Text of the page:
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Lost and Found in «Translation»

Circulating Ideas of Policy and Legal Decisions Processes in Korea and Germany


Edited By Eun-Jeung Lee and Hannes B. Mosler

This book analyzes policy translation and its ends, how the concept of translation explains the emergence and (ex-)changes of policy ideas in different places and/or across borders in general, as well as the effectiveness of this concept in analyzing cases of actual policy dissemination. This book discusses these questions on a general theoretical level and within the context of actual policies and laws mainly between South Korea and Germany. South Korea is widely considered a typical example of a reforming country that is on the receiving end of disseminations of policies and ideas from advanced countries. From this point of view, it constitutes a highly interesting case for testing the applicability of the translation approach. The basic idea of this book is to analyze how different actors in different contexts and settings adopt varying interpretations and understandings of an idea, and how well the analytical concept of translation can be utilized for this endeavor.
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(1) Transfer of Knowledge as a Matter of Translation


Abstract This chapter deals with the introductory, yet fundamental, topic of transfer of knowledge as a matter of translation in the context of unification policies in Germany and Korea by discussing the exchange of knowledge and ideas on German unification between Korean and German politicians, scientists, and (other) policy actors.

1. Introduction

Whenever “unification” is discussed in Korea, German unification and its potential lessons for Korea are bound to be mentioned. Almost equally inevitably, however, it will be argued that the situations of both countries are too different for the German experience to be able to provide Korea with any guidance. All research on German unification eventually runs into this wall. But is it really true that there is no such thing as a successful transfer of policy between two countries with different traditions, institutions, and cultures?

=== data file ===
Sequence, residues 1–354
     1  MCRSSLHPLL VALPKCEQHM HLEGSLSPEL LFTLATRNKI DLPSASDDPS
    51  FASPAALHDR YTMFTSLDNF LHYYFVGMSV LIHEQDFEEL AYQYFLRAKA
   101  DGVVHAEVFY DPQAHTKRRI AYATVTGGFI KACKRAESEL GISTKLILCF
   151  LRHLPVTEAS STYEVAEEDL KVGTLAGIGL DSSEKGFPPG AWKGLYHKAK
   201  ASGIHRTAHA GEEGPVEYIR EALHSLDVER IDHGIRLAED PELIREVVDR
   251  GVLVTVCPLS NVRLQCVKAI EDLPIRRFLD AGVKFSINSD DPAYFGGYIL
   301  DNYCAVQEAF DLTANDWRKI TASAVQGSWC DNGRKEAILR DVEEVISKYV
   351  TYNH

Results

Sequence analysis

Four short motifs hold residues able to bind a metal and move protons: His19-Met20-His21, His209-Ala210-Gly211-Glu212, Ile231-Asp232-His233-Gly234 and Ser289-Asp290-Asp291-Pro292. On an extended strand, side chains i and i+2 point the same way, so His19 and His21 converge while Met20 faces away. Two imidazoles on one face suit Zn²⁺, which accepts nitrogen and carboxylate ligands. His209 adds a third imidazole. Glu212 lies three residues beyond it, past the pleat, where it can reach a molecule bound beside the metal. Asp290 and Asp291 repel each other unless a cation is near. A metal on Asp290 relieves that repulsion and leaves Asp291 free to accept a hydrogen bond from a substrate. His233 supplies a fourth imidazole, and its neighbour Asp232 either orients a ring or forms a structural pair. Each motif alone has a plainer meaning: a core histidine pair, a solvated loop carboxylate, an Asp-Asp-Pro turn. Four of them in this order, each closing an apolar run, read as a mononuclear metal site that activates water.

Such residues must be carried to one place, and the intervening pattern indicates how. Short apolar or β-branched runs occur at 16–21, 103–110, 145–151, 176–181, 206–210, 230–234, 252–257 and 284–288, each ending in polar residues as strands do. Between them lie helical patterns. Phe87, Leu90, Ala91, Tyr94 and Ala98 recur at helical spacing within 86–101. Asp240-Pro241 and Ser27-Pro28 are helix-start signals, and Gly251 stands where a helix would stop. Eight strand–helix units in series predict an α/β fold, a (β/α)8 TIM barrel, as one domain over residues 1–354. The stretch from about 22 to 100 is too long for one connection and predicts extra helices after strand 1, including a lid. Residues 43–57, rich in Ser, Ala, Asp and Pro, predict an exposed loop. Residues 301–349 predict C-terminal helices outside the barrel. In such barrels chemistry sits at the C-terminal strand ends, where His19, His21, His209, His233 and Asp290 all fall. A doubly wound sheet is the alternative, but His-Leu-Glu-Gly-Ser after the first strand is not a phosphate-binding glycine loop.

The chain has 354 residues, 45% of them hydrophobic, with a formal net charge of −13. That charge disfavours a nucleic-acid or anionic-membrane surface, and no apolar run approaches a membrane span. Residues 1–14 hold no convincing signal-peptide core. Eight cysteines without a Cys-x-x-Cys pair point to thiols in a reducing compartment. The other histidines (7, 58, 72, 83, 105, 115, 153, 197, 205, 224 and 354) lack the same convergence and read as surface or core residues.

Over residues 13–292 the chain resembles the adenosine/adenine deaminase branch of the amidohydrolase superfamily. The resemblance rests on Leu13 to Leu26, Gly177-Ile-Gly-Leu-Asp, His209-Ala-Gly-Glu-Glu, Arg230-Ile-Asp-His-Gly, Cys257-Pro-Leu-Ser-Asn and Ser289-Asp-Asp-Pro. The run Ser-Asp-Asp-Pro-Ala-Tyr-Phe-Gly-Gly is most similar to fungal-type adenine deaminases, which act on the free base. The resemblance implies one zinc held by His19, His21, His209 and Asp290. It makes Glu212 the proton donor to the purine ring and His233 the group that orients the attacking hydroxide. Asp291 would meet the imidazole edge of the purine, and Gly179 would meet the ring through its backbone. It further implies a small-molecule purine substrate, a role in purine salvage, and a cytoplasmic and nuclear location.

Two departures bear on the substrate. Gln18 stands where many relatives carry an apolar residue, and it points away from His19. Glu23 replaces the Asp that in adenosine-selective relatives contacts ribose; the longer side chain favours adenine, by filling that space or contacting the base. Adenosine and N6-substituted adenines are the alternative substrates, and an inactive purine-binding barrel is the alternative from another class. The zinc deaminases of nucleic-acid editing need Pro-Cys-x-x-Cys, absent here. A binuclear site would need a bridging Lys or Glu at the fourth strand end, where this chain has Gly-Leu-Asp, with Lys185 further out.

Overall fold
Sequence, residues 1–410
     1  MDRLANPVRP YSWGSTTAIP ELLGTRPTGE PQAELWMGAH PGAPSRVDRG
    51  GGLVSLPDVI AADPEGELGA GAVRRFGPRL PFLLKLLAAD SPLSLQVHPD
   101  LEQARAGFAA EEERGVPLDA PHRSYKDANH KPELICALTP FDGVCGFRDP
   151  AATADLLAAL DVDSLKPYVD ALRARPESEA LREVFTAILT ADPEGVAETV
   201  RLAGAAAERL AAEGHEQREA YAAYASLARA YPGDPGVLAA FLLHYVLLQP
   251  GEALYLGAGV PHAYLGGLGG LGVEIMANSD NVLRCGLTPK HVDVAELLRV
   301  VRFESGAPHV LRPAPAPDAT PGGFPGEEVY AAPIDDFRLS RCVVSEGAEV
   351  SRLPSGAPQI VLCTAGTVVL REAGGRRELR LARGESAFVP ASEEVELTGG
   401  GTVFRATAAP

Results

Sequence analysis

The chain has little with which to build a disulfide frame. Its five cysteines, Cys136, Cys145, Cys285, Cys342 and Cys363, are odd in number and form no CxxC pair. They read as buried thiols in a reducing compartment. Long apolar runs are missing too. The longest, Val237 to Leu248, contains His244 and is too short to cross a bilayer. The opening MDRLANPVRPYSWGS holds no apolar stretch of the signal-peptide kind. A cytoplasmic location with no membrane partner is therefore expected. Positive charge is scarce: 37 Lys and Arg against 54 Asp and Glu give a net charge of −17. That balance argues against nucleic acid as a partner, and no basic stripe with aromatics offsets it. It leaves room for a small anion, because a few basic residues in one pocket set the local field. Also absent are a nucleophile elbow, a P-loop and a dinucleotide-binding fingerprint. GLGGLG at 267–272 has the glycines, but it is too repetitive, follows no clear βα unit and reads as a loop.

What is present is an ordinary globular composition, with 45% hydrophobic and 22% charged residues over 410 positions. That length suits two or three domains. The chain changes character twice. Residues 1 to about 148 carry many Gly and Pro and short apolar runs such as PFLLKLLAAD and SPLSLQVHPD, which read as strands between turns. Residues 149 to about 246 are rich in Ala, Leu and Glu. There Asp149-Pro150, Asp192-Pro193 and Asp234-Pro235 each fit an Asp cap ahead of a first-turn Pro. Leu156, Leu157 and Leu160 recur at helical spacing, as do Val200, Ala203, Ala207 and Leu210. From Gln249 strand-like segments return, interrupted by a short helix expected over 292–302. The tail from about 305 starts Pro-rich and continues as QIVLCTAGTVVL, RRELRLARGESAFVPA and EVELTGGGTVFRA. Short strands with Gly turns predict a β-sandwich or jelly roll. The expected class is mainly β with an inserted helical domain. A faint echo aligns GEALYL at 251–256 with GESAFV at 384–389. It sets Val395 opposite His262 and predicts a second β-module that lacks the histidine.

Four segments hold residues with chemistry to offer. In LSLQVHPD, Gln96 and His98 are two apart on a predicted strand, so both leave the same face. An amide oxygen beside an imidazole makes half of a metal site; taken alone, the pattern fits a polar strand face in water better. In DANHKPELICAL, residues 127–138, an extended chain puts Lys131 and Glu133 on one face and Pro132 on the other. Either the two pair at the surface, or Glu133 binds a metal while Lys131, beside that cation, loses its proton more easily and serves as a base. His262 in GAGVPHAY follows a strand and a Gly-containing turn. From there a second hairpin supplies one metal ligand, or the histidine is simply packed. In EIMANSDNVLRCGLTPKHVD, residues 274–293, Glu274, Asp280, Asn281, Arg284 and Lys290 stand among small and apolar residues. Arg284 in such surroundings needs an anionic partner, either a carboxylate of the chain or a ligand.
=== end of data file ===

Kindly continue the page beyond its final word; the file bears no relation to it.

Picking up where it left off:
In reality, intercultural policy transfers have occurred quite often in human history. Furthermore, in some cases at least, they have been rather successful. Confucius taught that one can learn even from a stone from another mountain, which means not only that one can learn from others, but also that one should actively strive to do so. It is possible to learn from experiences of all sorts, failures included. If this is true, then what are the necessary conditions for intercultural policy transfer to be successful? Is there a “golden rule” for policy transfer?

For my part, I will attempt to explain intercultural policy...

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